Fitness for golfers: Goblet squats and chops and lifts
Chops and lifts
Targets: Chops and lifts are a great way to develop mobility in the shoulders and upper back and improve your core strength.
Ideally these should be performed with a bar or rope attached to a cable machine, however a medicine ball or football also work.
Technique: In a half-kneeling position, rotate from your upper back and reach upwards with the ball.
Make sure your lower body doesn’t move and your hips remain stable. Then chop down with the ball towards the opposite leg.
Each rep should be smooth and controlled. You should try to maintain a good posture and a tall back throughout.
D0: Always start by doing the chop movement from high to low, then progress to a lift.
If you struggle to maintain your posture, stop and rest before repeating. Aim to do two or three sets of eight on each side.
Targets: The squat is a fundamental movement pattern that we should all be able to perform, but it is rarely done correctly.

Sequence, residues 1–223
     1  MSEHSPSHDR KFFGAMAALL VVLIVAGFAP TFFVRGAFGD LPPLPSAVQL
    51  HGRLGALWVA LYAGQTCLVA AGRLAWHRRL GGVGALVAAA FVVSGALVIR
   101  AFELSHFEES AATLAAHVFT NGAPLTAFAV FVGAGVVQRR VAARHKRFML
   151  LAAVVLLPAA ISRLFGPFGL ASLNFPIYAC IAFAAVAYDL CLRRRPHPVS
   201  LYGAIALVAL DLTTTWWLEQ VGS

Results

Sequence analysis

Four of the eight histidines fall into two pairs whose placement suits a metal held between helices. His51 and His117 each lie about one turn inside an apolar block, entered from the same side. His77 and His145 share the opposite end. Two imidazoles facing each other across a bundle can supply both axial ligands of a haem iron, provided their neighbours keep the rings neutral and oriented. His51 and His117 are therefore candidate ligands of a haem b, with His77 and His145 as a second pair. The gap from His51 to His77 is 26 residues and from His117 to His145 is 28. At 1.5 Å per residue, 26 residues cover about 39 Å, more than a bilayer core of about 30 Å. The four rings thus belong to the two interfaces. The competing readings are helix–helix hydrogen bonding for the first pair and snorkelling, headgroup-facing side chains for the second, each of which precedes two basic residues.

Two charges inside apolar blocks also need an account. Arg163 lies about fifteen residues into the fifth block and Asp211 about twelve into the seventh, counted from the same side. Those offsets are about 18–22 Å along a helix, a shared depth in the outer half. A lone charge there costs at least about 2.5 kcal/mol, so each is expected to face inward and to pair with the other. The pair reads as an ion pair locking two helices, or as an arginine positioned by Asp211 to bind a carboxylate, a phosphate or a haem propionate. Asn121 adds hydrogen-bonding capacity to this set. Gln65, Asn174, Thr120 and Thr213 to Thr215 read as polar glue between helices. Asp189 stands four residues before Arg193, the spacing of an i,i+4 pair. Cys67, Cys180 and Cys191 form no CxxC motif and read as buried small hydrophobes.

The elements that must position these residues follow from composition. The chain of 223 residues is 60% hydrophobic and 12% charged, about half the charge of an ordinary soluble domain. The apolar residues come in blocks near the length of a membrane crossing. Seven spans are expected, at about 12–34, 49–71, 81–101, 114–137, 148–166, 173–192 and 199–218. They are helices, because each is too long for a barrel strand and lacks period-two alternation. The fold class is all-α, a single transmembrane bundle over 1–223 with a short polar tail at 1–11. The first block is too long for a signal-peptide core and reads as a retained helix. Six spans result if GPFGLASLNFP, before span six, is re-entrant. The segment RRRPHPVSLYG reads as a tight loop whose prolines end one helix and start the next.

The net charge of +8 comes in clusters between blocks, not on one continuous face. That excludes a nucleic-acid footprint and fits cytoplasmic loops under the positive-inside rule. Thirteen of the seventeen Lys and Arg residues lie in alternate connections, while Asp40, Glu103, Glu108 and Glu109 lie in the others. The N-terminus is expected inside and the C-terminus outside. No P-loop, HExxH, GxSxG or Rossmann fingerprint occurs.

It requires mobility and stability of the hips, knees and ankles; as well as postural control and pelvic and core stability.
It’s a great exercise for golfers who struggle to maintain their posture when they are either standing up in the backswing, or thrusting their hips (early extending), in their downswing.
Technique: The goblet squat can be performed with either a kettlebell or a dumbbell held up towards the chest.
You should keep your weight in your heels as you lower down into the squat, maintain a neutral spine and keep your chest up. If possible, try to drive out your knees with your elbows at the bottom of your squat.
Start with a light weight as this can act as a counterbalance if you feel your weight tipping forwards into your toes. Focus on getting your hips low, chest up and using your abs to maintain a neutral lower back.
Do: Start by doing eight to 10 reps. Focus on keeping the movement controlled before progressing to heavier weights.
Rachael Tibbs is a TPI L2 Certified Golf Fitness Professional, who specialises in golf-specific strength and conditioning.